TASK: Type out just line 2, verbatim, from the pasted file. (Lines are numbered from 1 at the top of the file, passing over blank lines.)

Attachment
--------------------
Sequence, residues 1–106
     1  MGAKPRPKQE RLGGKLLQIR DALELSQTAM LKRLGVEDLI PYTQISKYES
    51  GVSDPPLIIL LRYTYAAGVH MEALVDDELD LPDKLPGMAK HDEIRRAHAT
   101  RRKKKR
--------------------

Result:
     1  MGAKPRPKQE RLGGKLLQIR DALELSQTAM LKRLGVEDLI PYTQISKYES